Most marks are either trademarks (used in connection with goods) or service marks (used in connection with services). But there are a few other kinds of marks.
The U.S. Supreme Court has granted the U.S. government’s petition for a writ of certiorari in a case challenging provision of the federal trademark statute. In In re Brunetti, 877 F.3d 1330 (Fed. Cir. 2017), the U.S. Court of Appeals for the Federal Circuit found the portion of the Lanham Act that proscribes registration of trademarks comprised of “immoral and scandalous matter” unconstitutional.
At the beginning of this new year, it helps to remind ourselves why we engage in this work, why trademarks matter, and, more particularly, why registration matters. Trademarks symbolize the goodwill of a business; they are the emblems of the brand owner’s reputation. Registrations strengthen and protection those important symbols.
The iconic Chuck Taylor sneaker was involved in a recent case that has the attention of trademark watchers. The bone of contention was the familiar look of the Chuck Taylor sneaker worn by generations of American kids (and adults), and whether shoes imported by Skechers and others were infringing.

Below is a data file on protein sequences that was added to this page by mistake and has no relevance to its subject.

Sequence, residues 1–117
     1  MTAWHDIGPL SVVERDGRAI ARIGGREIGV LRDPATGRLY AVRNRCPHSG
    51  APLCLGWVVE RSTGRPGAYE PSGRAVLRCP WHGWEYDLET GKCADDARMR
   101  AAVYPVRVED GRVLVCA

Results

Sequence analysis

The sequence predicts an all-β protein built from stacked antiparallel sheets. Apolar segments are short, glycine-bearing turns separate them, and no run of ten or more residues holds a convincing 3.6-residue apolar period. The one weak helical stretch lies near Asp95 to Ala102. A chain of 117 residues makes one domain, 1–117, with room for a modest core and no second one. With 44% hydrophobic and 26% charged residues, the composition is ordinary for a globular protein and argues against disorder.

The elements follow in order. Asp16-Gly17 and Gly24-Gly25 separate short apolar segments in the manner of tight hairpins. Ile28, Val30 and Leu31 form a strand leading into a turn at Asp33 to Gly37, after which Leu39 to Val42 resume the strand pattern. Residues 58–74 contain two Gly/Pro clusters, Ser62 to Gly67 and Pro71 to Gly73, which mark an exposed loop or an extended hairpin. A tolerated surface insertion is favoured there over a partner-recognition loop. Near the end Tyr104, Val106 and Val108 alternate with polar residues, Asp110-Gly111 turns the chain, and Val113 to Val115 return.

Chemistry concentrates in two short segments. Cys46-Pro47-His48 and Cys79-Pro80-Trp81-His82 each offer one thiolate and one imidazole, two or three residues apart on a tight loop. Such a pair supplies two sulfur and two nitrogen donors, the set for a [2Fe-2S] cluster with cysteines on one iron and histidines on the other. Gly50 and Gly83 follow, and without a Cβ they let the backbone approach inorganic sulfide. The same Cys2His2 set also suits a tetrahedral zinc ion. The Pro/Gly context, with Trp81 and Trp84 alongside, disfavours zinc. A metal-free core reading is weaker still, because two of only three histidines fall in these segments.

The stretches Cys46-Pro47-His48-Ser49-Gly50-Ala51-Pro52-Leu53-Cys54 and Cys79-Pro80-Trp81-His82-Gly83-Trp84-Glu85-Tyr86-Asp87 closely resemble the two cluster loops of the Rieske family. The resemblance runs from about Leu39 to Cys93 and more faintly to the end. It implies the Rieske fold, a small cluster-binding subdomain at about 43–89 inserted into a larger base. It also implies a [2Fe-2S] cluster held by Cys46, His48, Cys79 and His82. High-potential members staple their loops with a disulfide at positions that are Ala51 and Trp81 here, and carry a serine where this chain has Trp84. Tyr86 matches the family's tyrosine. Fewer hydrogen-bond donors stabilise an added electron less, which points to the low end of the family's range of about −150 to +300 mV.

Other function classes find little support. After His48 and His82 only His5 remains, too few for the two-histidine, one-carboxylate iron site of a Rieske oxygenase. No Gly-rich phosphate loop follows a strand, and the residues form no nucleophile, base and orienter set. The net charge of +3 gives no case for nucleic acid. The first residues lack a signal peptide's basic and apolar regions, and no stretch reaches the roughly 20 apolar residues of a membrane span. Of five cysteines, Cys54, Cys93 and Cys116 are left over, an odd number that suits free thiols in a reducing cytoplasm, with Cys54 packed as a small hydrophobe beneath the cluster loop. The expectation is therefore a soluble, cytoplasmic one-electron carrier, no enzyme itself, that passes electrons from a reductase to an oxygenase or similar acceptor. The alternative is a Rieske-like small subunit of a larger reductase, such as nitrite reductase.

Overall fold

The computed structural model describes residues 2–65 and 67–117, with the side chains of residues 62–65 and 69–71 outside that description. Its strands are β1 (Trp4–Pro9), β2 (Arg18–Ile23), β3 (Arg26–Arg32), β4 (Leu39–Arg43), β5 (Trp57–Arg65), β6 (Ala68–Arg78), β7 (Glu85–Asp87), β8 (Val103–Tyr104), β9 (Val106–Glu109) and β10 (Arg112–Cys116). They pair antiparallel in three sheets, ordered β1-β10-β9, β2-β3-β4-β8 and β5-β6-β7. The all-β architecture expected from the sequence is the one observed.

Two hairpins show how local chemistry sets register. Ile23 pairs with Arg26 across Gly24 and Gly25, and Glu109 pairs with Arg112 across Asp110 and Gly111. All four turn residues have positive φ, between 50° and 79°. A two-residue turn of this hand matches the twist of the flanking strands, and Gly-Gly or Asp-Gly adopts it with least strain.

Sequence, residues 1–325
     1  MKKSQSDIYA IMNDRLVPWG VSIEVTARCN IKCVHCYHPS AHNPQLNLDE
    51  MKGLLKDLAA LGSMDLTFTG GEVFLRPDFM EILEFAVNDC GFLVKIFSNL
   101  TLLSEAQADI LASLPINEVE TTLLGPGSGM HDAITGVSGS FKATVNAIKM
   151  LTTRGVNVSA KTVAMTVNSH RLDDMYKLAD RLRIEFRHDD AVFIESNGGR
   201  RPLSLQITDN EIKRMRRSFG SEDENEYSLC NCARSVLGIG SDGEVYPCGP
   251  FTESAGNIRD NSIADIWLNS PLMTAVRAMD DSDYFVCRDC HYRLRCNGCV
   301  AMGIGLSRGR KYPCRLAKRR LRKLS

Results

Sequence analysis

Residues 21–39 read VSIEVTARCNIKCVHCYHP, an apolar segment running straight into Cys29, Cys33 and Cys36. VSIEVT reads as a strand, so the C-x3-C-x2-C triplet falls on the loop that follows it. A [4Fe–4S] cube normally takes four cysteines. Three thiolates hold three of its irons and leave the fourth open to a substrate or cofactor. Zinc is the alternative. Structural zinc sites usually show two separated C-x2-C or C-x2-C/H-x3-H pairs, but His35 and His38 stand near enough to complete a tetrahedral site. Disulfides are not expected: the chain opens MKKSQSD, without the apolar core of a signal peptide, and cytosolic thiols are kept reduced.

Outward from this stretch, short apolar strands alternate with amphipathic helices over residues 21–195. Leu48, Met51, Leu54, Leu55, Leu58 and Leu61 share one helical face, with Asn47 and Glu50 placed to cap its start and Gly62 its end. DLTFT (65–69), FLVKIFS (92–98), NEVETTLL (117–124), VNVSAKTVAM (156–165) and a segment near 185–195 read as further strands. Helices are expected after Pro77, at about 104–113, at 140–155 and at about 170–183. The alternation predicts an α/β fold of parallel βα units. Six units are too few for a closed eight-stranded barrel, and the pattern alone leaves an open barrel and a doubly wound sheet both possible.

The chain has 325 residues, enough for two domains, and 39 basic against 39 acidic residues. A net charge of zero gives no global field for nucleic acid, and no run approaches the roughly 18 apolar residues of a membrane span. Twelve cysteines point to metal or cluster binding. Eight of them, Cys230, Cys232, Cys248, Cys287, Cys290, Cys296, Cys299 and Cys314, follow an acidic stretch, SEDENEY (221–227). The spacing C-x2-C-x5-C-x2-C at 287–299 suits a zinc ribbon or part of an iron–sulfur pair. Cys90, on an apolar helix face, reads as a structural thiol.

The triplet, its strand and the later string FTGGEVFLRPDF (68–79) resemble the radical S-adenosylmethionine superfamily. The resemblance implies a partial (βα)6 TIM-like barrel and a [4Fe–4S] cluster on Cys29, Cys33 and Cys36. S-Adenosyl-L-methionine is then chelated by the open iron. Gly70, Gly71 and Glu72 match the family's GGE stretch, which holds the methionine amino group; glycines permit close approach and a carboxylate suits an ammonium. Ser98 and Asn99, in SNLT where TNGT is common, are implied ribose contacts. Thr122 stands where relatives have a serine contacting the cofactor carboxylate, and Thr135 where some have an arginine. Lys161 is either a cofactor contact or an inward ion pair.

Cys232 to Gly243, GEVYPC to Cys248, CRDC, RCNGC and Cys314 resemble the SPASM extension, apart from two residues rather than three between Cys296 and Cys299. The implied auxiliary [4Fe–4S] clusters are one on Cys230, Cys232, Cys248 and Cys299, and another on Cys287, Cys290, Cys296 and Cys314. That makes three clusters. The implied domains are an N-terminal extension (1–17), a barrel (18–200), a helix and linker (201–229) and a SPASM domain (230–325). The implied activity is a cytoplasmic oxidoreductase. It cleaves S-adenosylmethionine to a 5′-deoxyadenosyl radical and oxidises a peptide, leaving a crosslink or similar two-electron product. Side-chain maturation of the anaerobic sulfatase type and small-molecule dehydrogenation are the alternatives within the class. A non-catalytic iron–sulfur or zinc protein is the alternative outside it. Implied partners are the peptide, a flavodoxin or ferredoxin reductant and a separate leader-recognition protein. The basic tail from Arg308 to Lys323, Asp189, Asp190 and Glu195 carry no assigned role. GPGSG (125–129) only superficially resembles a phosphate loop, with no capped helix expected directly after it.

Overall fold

Only three months ago we wrote about rebranding. Just two months ago we wrote about beloved brand nicknames. Then, last month, two companies announced plans to rebrand to abbreviations of their current marks. Coincidence? Probably, but we are going to take the opportunity to revisit those topics anyway.
We recently looked at the idea of state universities claiming a (limited) monopoly on the right to use the name of their state on clothing and other items. At first blush it seems surprising that anyone can have the exclusive right to a state name, but trademark law allows it in the right circumstances, and with limitations.
One of the facts of modern life is that you will be the target of scams. Sometimes it's the son of the former defense minister of Nigeria. Sometimes it's someone trying to trick you into paying them money to do something with your trademark.